Emory Report
August 28, 2006
Volume 59, Number 1


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August 28, 2006
"Just societies" focus of humanities lectures, cartoonist Luckovich to kick off series

BY kim urquhart

Artists, writers, activists and scholars will explore the topic “Envisioning and Creating Just Societies: Perspectives from the Public Humanities” as part of this year’s Distinguished Speaker Series.

Hosted by the Center for the Study of Public Scholarship (CSPS) and the Center for Humanistic Inquiry (CHI), the series features four lectures – free and open to the public – at the Michael C. Carlos Museum, to be followed by question-and-answer periods, book signings and other events.

“The speakers are major public figures who are both scholars and activists and whose accomplishments and ideas are of interest to a broad range of people both at Emory and in Atlanta,” said Martine Brownley, director of the CHI and Goodrich C. White Professor of English.

Mike Luckovich, editorial cartoonist for the Atlanta-Journal Constitution, will kick off the series on Sept. 14 with an inside glimpse into the world of an editorial cartoonist. A two-time Pulitzer Prize winner for editorial cartooning, Luckovich is the most reprinted editorial cartoonist in America. “Four More Wars!,” Luckovich’s newest collection of politically charged sketches and humorous personal anecdotes, will debut next month.

On Nov. 9, award-winning writer and poet Katha Pollitt will discuss issues related to feminism and the roles of women in society in her presentation, “Are We There Yet? Why Women Aren’t Equal, Even if We Think We Are.” Pollitt, whose column regularly appears in The Nation, is known for her shrewd observations on culture and politics. Her latest book of essays, “Virginity or Death!: And Other Social and Political Issues of Our Time,” was released in June.

Pollitt also will be on campus the following morning, Nov. 10, for a discussion hosted by the Feminism and Legal Theory Project at the Emory School of Law.

The third featured speaker is Justice Albie Sachs, South African writer, activist and veteran of the anti-apartheid struggle, who will visit Emory in February. Sachs, a justice on South Africa’s first Constitutional Court, helped draft a new constitution for the country and has authored numerous books about his fight for justice in South Africa, and the complexities of doing so as a white Jewish male.

His experience of losing an arm and an eye in a 1988 car bomb attack while working as an exiled civil rights lawyer in Mozambique is chronicled in the upcoming film version of his book, “The Soft Vengeance of a Freedom Fighter.” Another book, “The Jail Diary of Albie Sachs,” was dramatized for the Royal Shakespeare Company and televised by the BBC.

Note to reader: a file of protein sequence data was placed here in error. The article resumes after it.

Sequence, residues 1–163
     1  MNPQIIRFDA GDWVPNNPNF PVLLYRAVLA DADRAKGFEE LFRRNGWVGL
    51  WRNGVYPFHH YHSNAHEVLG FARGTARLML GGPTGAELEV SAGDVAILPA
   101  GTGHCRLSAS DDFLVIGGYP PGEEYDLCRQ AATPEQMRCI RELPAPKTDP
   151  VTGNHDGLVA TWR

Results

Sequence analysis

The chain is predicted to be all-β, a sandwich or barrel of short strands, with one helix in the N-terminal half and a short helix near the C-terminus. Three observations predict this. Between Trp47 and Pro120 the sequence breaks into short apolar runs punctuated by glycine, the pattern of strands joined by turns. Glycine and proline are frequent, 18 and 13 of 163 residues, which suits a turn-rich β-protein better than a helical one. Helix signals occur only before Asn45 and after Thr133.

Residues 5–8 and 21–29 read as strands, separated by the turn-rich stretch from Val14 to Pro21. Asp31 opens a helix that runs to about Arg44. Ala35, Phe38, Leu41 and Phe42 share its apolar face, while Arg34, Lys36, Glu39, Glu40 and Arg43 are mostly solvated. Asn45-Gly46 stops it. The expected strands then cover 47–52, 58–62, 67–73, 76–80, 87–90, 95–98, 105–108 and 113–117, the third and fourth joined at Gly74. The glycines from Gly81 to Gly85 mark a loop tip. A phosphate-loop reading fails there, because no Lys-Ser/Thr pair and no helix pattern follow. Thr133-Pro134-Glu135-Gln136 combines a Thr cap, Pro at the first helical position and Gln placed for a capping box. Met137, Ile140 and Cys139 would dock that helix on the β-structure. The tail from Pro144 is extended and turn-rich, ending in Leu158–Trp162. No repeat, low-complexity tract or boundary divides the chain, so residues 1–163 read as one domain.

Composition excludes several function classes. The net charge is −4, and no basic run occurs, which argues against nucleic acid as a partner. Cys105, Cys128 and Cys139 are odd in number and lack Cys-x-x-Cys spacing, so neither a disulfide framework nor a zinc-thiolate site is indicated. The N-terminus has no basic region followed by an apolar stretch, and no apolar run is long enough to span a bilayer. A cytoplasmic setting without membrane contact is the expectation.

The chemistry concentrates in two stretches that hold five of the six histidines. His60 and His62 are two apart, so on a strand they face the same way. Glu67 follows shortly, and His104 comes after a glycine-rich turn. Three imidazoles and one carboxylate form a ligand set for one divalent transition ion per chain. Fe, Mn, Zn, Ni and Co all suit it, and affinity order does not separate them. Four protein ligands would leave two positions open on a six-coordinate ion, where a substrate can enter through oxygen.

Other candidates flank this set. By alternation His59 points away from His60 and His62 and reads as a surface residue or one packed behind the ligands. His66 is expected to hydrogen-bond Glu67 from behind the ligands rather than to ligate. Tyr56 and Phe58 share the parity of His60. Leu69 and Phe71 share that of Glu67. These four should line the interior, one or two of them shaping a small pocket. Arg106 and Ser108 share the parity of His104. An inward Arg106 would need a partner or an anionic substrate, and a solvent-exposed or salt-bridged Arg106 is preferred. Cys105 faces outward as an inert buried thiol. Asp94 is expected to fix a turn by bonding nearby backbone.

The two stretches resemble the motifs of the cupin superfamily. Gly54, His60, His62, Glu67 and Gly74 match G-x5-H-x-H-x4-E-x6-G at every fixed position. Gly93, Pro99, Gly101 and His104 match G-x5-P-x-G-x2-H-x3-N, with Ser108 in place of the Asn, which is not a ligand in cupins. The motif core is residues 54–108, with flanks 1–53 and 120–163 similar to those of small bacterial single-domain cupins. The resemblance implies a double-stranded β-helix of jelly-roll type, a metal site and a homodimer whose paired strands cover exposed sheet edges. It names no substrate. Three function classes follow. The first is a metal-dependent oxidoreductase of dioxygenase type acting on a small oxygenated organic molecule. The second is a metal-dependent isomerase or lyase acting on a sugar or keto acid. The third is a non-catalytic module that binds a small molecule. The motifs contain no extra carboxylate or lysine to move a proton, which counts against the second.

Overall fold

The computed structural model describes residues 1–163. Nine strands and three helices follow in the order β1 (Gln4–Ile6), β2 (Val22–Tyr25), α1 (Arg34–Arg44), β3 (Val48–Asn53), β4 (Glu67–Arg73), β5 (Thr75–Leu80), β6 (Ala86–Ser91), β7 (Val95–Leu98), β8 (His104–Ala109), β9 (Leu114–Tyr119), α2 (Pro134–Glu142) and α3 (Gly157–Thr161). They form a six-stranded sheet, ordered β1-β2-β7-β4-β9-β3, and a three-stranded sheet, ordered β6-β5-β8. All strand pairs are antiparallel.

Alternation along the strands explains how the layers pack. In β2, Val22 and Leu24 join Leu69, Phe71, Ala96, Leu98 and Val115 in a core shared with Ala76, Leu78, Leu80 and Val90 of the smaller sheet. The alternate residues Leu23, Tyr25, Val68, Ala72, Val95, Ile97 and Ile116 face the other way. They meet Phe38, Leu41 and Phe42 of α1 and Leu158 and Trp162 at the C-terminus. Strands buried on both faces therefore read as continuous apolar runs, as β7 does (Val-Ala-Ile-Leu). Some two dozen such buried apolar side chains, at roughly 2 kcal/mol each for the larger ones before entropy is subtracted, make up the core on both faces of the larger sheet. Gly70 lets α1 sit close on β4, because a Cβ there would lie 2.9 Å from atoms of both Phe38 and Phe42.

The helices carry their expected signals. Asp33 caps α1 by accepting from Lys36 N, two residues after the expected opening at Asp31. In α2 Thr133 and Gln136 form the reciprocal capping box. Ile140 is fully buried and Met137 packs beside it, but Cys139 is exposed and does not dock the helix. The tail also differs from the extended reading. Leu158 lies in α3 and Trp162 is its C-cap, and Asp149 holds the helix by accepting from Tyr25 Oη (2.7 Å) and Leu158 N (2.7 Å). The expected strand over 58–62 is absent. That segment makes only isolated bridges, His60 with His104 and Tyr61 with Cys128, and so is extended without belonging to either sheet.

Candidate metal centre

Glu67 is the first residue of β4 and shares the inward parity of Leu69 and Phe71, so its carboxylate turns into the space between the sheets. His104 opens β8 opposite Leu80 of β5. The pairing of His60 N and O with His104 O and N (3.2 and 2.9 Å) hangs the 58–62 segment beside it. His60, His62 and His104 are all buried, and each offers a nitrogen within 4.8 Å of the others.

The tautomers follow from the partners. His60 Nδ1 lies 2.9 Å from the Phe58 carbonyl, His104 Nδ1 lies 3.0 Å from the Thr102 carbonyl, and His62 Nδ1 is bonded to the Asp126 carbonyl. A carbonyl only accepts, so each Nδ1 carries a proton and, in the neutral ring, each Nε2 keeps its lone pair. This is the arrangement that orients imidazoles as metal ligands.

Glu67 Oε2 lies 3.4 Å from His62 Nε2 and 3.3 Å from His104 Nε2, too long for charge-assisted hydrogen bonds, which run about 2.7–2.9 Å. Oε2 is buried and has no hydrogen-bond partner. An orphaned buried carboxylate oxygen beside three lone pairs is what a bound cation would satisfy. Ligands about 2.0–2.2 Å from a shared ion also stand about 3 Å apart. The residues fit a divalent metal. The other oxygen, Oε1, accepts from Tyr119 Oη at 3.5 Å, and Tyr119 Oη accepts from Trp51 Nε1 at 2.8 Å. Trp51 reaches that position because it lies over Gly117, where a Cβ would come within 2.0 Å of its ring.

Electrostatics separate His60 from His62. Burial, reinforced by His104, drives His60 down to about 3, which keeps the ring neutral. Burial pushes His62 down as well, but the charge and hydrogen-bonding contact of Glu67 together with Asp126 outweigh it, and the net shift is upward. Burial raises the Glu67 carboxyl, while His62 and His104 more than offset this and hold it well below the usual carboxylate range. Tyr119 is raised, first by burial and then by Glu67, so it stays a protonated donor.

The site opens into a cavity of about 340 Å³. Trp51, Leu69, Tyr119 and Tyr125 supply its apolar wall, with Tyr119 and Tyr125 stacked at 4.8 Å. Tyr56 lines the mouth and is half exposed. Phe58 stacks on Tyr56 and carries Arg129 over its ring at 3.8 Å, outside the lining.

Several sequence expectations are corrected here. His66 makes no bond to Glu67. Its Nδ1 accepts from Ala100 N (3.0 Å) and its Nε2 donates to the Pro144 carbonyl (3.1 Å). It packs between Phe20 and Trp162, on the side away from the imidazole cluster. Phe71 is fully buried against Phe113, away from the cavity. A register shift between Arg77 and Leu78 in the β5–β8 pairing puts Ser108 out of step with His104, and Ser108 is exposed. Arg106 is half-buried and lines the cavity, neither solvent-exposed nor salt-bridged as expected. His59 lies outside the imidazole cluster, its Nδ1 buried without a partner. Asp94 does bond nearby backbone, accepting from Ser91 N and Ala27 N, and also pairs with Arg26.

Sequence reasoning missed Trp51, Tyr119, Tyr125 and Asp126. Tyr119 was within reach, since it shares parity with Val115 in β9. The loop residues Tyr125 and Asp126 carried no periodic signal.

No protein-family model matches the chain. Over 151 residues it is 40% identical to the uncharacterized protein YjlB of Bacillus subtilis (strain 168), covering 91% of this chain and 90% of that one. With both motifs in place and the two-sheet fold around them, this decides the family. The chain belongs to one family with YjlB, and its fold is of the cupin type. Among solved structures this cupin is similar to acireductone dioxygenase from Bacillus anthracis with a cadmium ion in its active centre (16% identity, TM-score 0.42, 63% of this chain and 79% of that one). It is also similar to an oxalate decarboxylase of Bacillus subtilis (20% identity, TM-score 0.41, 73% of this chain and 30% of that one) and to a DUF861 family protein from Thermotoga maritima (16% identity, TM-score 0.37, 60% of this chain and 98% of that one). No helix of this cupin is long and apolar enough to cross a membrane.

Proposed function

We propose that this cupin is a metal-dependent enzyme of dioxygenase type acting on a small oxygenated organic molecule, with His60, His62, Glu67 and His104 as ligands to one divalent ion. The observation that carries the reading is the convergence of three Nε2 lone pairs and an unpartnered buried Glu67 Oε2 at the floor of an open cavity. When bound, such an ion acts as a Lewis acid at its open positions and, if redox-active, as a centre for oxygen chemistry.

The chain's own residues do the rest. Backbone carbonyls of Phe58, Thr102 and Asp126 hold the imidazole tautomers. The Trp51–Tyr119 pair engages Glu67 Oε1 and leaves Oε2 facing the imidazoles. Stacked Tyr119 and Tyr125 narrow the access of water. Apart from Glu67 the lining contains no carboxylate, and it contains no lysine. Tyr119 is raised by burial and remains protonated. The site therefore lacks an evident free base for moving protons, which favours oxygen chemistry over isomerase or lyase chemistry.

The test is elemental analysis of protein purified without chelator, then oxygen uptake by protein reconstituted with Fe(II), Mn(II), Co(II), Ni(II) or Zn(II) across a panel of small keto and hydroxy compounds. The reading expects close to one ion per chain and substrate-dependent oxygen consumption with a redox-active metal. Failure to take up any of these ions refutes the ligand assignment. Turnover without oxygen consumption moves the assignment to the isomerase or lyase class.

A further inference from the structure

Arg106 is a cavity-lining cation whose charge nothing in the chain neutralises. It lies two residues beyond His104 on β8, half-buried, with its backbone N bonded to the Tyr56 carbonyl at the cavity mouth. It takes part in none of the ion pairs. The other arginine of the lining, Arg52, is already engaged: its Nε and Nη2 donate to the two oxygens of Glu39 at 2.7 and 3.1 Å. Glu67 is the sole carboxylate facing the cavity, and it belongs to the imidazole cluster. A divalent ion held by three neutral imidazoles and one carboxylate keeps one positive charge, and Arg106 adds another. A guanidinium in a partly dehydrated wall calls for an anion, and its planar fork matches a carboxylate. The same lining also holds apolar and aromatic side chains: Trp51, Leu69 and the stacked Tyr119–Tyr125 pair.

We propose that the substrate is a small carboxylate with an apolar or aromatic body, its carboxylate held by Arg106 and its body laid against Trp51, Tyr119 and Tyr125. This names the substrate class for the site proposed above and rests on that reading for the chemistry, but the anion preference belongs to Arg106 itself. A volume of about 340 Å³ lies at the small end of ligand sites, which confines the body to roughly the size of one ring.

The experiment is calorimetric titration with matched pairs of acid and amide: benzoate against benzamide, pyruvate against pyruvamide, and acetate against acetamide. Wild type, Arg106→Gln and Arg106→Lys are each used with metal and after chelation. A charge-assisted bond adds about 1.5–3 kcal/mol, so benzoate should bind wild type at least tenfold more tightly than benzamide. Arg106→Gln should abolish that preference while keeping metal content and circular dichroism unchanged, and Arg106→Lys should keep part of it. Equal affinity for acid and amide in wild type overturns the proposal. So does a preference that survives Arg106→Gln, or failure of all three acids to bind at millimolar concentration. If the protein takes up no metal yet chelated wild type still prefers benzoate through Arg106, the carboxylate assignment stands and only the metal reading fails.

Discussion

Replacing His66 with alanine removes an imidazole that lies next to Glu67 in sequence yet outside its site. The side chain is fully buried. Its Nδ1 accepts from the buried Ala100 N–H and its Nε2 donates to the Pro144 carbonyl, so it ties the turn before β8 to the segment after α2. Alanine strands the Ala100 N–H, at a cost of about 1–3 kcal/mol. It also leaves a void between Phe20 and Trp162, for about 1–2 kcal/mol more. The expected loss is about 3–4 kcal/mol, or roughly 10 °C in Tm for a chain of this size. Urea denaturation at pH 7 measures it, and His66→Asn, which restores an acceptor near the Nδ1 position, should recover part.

The Playwriting Center of Theater Emory will present a staged reading of “The Jail Diary of Albie Sachs” at the Schwartz Center for Performing Arts on Tuesday, Feb. 6. Sachs also will be honored as a Distinguished Fellow by the Claus M. Halle Institute for Global Learning and featured in a faculty colloquium organized in collaboration with the Feminism and Legal Theory Project.

Rounding out the Distinguished Speaker Series on April 12 will be philosopher Kwame Anthony Appiah, a noted scholar of political and moral theory and African and African-American identities. Speaking on “Understanding Moral Disagreement,” the Princeton professor will discuss his recent acclaimed book, “Cosmopolitanism: Ethics in a World of Strangers,” drawing on his own multicultural upbringing and examples from philosophy and literature to illustrate the idea that all of humanity belongs to a single moral community.

The speakers will be available for book signings, hosted by the Druid Hills Bookstore, after each event. In addition, the CHI will offer a lunch discussion for faculty and graduate students.

A number of departments and programs are cosponsoring the series, which enforces the University’s strategic themes of “courageous scholarship and community engagement,” said Corinne Kratz, co-director of CSPS and professor of anthropology and African studies.

The speaker series also serves to further strengthen the collaborative relationship between the CSPS, which organizes workshops and thematic programs that cross the boundary between academic and public realms, and the CHI, which is dedicated to providing occasions and spaces for encouraging intellectual community and scholarship across disciplines.

Thursday, Sept. 14
Mike Luckovich
“The World of an Editorial Cartoonist.”
4 p.m. Reception Hall, Carlos Museum.

Thursday, Nov. 9
Katha Pollitt
“Are We There Yet? Why Women Aren’t Equal, Even if We Think We Are.”
4 p.m. Reception Hall, Carlos Museum.

Monday, Feb. 5
Albie Sachs
“A Man Called Henry.”
4 p.m. Reception Hall, Carlos Museum.

Thursday, April 12
Kwame Appiah
“Understanding Moral Disagreement.”
4 p.m. Reception Hall, Carlos Museum.